Again, you come back to battleground Ohio. Why are we spending so much time on it? Joe Biden flips this state blue, Donald Trump has no path to reelection, if Joe Biden flips this state blue, Donald Trump has no path to reelection. That's why we're going to spend some time on this. And we're watching it right now. But halfway through, though about halfway through means things can change. So let's keep an eye on it. Let's come back out. You see, Pennsylvania is blue. I just want to stop here very quickly to see we don't have anything yet. So it's blue at the moment with early votes will stay with this one. We're told, you know, Pennsylvania, could be tomorrow could be a couple days after that. We'll watch as it fills in. Joe Biden has a lead early on that looks blue on the map. You're happy if you're a Democrat, but that's not, you know, we're not there yet.

So you come down here, I said, if Joe Biden wins Ohio, Donald Trump's path to reelection is blocked. If Joe Biden wins North Carolina, Donald Trump's path to reelection is almost blocked. You can come up with some other scenarios, but it's really hard. And so, you're looking at this one right now, 66, two-thirds of the vote in Wolf, 53 to 46 when you round up 275,000 votes lead that gets hard to overcome at some point.

BLITZER: You know, 66% of the vote in North Carolina is in, Biden has a 275,000 vote lead. I want to check in with David Chalian right now. So, we have a sense, David, how much of this vote is early vote, how much of it is today vote?

DAVID CHALIAN, CNN POLITICAL DIRECTOR: We do have that sense, as John was just showing you. What you see here now is a Joe Biden lead. He's got 2 million votes to Donald Trump's 1.7 million. This is 66% of the estimated vote that is in North Carolina right now. But Wolf, I want to show you what percentage of that is early vote, 97% of the current vote that you're looking at in North Carolina is early vote, that's benefiting Joe Biden, in fact, in the big Democratic counties, in Charlotte, in Wake County, and in Raleigh area, it's almost all early vote those big Democratic counties. And we expect the share of the early vote to go down to 75% of the total vote at the end of the night. That could benefit Donald Trump as more Election Day vote comes in. So, it's just a note of caution that right now, the vast majority of the vote that's in North Carolina is early vote, and that is benefiting Joe Biden at the moment. So there's still more Election Day vote to be counted.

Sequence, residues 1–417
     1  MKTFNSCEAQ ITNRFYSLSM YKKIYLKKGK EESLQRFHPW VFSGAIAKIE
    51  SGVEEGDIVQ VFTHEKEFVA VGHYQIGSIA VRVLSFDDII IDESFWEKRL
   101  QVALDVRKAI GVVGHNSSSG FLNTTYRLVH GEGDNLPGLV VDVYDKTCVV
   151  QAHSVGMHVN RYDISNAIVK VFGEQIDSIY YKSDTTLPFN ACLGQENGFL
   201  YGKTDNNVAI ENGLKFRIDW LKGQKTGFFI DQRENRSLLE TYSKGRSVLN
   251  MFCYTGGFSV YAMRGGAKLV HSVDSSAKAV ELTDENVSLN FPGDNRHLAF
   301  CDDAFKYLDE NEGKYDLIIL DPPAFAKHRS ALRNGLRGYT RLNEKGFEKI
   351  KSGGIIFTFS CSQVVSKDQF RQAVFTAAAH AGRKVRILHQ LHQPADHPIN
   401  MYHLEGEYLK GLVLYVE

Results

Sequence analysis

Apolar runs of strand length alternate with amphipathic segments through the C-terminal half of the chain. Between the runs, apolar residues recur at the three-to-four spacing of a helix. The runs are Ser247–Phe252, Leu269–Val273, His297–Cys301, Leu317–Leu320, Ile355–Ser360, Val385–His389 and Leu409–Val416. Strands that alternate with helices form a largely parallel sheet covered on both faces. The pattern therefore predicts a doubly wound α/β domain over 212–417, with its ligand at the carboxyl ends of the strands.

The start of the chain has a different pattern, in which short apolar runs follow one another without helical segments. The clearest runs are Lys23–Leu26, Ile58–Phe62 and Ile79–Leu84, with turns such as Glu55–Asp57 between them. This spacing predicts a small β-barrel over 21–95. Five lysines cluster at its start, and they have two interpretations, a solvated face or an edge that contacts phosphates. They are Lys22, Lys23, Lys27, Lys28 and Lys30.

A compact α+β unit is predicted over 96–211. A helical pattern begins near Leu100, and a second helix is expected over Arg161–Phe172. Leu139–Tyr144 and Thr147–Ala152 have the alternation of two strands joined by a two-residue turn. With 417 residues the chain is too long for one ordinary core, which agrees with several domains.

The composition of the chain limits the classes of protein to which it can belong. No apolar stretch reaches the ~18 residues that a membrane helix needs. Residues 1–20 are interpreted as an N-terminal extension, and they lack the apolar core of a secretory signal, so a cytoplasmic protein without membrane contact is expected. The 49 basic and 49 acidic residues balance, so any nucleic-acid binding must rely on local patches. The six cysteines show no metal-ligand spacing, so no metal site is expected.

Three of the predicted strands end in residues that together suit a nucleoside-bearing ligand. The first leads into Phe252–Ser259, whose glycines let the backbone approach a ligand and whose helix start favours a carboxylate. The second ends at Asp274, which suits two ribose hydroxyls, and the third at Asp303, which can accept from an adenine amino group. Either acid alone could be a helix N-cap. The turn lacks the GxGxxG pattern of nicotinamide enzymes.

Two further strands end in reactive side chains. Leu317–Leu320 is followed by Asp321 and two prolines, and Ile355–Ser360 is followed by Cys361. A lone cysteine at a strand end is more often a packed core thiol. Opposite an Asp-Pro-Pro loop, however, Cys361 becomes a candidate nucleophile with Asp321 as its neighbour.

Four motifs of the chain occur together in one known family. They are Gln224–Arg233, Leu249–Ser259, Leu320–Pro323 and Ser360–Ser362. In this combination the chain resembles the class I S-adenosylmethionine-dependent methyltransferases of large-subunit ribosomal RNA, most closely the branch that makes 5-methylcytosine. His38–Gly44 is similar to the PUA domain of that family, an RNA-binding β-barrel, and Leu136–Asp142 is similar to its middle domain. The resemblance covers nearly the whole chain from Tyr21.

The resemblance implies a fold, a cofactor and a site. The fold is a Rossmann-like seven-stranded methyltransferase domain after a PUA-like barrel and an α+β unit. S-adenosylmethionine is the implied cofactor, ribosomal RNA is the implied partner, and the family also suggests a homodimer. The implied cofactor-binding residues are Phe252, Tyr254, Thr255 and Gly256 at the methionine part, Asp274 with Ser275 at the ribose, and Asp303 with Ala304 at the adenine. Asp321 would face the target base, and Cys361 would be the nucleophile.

BLITZER: What about Ohio? Do we know Ohio?

CHALIAN: Well, you know, Ohio, I don't think I mean, I think what we see here is that Joe Biden's also benefiting from early vote there. But there's more early vote to come in there. So -- oh, take a look. Here we have 49% of the total estimated vote in 29% of it right now is early vote. We think that's going to climb. OK. That 53% is our estimate of the Ohio vote that will be early vote. So, it's an opportunity actually Joe Biden as the lead now for him to actually grow his lead in Ohio perhaps, Wolf.

BLITZER: That's very interesting, you know. And John as, you and I, well know, no Republican has ever and you've pointed this out, has ever won the White House without caring Ohio.